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BHUSD Reverses Course on Parcel Tax

The school board votes down a motion to hold a May 2013 mail-in election for a parcel tax.

BHUSD Reverses Course on Parcel Tax

The Board of Education has dropped plans to pursue a parcel tax to help fund the next school year, with the measure failing to get enough support at Tuesday's meeting after a 2-2 vote with one abstention.

The board had voted 3-2 at its Nov. 13 meeting to direct district staff to prepare a parcel tax of not more than $499 for the March ballot, with a final board vote on the tax scheduled for Nov. 27. But during this week’s meeting Superintendent Gary Woods suggested the board instead vote to place a parcel tax on a mail-in ballot for the May 6 election.

May 6 is the latest election date that—if the tax passed—would allow the district to start collecting money in July for the 2013-14 school year.

Board Vice President Jake Manaster, however, changed his original support for the parcel tax and abstained from the vote. President Brian Goldberg and member Noah Margo voted in favor of a May 6 mail-in ballot, while members Lisa Korbatov and Lewis Hall opposed the measure. Korbatov and Hall also voted against the tax Nov. 13.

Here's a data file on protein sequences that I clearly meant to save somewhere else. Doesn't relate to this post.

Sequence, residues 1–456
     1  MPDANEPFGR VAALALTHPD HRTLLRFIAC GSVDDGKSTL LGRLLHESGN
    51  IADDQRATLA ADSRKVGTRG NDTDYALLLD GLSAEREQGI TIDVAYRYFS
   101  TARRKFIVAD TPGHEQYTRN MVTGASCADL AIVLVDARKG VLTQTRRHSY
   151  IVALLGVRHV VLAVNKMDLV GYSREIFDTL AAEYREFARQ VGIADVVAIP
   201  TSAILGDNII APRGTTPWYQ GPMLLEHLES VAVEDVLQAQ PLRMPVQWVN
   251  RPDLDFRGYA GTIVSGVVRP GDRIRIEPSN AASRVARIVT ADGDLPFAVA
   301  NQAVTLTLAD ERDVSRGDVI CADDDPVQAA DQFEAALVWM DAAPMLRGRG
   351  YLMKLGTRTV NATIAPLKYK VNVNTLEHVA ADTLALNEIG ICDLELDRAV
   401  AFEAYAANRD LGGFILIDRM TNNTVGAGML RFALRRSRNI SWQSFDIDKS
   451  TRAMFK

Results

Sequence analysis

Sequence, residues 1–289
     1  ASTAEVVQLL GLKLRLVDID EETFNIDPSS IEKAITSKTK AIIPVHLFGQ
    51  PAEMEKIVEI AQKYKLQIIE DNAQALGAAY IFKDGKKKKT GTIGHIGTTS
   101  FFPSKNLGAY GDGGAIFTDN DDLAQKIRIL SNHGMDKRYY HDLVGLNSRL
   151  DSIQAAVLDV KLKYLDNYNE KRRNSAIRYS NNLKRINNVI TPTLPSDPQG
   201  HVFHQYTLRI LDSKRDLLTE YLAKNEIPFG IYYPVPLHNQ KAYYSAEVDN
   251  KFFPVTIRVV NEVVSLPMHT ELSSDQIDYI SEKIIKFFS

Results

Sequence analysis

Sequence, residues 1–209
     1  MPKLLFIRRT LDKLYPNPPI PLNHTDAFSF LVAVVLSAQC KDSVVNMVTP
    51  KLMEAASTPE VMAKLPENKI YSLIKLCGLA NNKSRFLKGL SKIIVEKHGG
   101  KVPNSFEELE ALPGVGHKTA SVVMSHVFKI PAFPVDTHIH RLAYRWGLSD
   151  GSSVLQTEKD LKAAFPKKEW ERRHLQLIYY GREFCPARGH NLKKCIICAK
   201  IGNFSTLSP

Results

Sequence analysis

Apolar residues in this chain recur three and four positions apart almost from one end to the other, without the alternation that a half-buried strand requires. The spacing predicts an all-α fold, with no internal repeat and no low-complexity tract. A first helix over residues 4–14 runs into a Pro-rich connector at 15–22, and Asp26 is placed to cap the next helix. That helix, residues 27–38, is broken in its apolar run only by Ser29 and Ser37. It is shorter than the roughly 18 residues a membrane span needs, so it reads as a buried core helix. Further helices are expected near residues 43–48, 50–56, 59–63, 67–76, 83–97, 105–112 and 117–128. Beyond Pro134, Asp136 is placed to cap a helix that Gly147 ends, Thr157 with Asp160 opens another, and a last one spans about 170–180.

“I am disappointed, as a parcel tax is the only way to get off the state’s dime,” Goldberg told Patch. The Beverly Hills Unified School District is facing $3.5 million in potential programming cuts next year because of reduced state funding.

Vice Mayor John Mirisch spoke at the Nov. 27 board meeting of his interest in giving $4 million of the city’s $10.2 million surplus to BHUSD to cover the district’s shortfall. District parents have also started an online petition in support of the city assisting BHUSD to avoid educational cuts.

The city cannot give the district money directly, but it can temporarily increase the Joint Powers Agreement. The JPA is a four-year agreement in which the city pays BHUSD $9.7 million annually for access to school facilities.

Extra funds from the city would be generous and helpful, Goldberg said. But the money would only help the district for the next school year.

“That is a one-time fix,” he said. “A parcel tax would address a systemic problem.”

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